Unsurprisingly thought up one night in a pub and sketched on the back of a beer mat, the Hole in One Challenge has been a fixture on the Taupō lakefront since 1993.
Three holes of varying sizes, from standard width right up to a vast 50cm in diameter, are located on a pontoon floating just over 100 metres out from the shore. They are the irresistible target for aspiring Lydia Kos, who buy buckets of golf balls to whack towards it with mostly predictable results.
What can be relied upon, though, is the fun to be had in the attempt, by anyone able to swing a club and those encouraging/mocking them.
Because, on average once every fortnight, someone – over 1000 so far – and sometimes even a complete novice – scores a win and walks away with a prize. Getting a ball into the holes with the blue or white flags allows you to choose from a range of vouchers for an outing with local tourism operators: anything from a leisurely cruise to a bungy jump. The skilled (or super-lucky) golfer, and so far there have been seven, who drops a ball into the middle hole with the red flag receives the ultimate prize: $10,000. As a consolation, if you just land your ball on the pontoon nowhere near a hole, you’ll get a free one and another chance at that big chunk of loot.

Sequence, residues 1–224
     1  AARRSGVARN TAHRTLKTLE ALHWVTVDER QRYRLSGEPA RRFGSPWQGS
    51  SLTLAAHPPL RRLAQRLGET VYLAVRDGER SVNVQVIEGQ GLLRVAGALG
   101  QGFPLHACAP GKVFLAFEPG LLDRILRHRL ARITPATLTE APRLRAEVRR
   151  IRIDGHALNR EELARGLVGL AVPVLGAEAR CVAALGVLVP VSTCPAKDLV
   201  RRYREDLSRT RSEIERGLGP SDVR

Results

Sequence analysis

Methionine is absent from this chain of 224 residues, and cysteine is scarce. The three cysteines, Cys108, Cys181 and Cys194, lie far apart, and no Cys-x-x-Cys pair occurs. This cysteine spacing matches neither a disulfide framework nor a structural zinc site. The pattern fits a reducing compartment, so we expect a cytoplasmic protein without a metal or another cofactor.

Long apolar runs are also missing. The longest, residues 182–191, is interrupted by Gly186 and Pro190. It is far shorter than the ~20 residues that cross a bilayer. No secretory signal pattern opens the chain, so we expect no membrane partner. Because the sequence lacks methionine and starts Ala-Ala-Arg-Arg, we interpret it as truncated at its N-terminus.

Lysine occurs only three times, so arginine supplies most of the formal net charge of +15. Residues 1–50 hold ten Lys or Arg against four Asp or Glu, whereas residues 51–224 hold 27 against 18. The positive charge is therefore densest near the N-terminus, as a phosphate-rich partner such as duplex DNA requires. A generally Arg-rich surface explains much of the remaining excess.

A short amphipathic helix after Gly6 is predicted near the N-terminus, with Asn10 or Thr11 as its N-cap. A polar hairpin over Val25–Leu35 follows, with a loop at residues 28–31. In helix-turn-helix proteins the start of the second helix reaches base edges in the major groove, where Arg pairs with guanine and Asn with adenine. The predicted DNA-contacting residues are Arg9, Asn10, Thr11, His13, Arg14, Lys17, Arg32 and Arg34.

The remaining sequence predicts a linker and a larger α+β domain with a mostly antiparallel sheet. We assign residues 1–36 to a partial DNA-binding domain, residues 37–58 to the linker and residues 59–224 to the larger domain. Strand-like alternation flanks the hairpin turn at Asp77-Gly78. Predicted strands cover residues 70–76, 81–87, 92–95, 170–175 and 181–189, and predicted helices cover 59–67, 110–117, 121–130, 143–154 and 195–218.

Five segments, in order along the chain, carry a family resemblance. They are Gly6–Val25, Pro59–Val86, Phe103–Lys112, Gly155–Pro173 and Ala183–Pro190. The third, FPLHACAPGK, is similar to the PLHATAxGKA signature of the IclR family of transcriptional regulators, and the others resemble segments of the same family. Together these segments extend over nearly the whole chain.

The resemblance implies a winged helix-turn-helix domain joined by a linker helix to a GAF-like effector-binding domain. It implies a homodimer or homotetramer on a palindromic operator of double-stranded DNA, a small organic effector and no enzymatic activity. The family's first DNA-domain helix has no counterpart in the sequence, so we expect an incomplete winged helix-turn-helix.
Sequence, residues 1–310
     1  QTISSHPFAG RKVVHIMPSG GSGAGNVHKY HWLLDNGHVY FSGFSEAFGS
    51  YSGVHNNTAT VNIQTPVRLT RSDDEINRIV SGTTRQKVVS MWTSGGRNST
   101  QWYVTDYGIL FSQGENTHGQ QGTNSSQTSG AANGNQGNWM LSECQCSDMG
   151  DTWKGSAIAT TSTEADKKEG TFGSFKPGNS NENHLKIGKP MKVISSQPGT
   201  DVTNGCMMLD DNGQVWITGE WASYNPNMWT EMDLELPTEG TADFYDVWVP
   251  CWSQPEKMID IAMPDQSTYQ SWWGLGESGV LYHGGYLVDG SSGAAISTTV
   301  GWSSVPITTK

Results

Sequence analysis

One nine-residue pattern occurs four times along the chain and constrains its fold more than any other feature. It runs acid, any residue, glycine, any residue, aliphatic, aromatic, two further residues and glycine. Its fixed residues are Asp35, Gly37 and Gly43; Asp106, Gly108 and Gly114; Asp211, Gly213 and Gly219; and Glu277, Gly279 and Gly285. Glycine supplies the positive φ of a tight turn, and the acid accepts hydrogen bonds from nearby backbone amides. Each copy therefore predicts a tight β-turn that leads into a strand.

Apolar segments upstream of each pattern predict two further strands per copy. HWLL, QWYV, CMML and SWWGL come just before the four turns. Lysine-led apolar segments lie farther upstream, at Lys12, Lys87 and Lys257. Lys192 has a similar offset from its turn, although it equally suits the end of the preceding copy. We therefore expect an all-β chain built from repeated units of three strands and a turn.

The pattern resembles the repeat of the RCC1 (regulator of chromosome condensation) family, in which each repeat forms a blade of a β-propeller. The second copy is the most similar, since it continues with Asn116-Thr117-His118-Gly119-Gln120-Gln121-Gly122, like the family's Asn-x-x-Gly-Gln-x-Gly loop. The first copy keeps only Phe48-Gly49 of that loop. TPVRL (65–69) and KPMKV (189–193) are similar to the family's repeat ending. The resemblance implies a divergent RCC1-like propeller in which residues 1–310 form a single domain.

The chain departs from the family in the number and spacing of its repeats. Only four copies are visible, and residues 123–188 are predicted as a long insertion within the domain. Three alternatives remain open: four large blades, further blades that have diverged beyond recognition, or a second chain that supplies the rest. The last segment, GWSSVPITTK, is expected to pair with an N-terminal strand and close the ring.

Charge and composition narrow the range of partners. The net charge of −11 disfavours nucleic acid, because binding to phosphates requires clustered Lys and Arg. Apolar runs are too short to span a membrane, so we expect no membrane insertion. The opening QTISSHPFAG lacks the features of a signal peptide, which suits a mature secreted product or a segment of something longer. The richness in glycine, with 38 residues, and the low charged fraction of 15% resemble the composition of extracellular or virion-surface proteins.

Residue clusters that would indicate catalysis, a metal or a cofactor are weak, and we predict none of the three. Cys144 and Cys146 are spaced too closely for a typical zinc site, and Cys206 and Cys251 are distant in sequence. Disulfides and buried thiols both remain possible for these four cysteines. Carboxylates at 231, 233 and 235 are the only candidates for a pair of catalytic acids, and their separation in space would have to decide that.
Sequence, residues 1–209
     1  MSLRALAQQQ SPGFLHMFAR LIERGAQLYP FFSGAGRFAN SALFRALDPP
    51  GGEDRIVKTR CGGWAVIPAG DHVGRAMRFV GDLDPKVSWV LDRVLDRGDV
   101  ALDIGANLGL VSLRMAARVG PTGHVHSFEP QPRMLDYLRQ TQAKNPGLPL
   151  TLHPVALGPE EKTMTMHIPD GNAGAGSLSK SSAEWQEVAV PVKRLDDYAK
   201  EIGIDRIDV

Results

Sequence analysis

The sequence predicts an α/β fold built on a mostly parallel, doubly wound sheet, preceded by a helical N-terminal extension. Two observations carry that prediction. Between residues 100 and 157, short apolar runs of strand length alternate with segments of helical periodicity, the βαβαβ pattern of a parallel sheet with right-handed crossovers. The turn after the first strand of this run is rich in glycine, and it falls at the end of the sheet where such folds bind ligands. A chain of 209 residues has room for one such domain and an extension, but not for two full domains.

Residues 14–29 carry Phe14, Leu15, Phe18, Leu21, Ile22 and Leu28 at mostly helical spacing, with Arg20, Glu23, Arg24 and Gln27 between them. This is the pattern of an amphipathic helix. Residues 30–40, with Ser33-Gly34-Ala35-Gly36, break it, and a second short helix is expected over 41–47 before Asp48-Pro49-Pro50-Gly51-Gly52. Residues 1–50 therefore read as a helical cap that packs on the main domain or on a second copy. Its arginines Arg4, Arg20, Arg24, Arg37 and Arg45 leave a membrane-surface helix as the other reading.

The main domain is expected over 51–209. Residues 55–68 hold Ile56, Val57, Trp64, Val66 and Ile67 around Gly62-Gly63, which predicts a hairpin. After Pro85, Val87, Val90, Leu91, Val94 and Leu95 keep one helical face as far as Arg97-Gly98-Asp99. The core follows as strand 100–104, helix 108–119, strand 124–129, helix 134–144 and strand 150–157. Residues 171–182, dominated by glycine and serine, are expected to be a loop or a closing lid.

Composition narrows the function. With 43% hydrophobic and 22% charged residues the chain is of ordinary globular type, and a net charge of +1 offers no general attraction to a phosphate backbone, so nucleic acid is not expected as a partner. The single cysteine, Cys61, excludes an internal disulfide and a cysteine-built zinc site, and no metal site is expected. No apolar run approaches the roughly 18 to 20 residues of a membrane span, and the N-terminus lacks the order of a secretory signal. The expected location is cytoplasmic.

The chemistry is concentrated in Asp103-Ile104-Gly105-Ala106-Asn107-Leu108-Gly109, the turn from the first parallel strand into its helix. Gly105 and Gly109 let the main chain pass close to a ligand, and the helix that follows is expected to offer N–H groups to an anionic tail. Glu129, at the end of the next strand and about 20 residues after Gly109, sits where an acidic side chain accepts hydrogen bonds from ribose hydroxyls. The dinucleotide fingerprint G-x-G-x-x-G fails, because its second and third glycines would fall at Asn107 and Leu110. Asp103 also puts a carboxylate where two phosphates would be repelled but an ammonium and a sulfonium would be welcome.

Don’t worry about all those submerged golf balls mounting up: a snorkeller goes out to retrieve them every day. There are six tees to drive from, so keep a close eye on your ball to avoid disputes with your fellow golfers over whose shot landed where.
ON THE WAY/NEARBY
For more conventional golfing action, there’s mini-golf a short distance away; as is another Taupō fixture, the McDonald’s, with its actual DC3 where you can sit inside to eat your Big Mac. If you’d rather dine somewhere fancier, you’re spoiled for choice around town.
Further along the lake front you can get out onto – or above – the water in all sorts of craft, or buzz around the Domain in a little train, or go to the museum. If you brave a swim and it leaves you feeling a bit chilly, there are hot showers in the Superloo here, if you pay $2.50.
A bucket of 15 balls costs $15, 30 balls cost $25 and 50 $40. Those who are feeling super-confident can pay $1.50 for just the one ball.
BEST TIME TO GO
You won’t want wind. The activity is open rain or shine, but a fine day will at least allow you to appreciate the glorious views of the mountains at the far side of the lake, if you’re not able to score much pontoon action in the foreground. During summer, Hole in One Challenge stays open late, for a different experience under the lights. See holein1.co.nz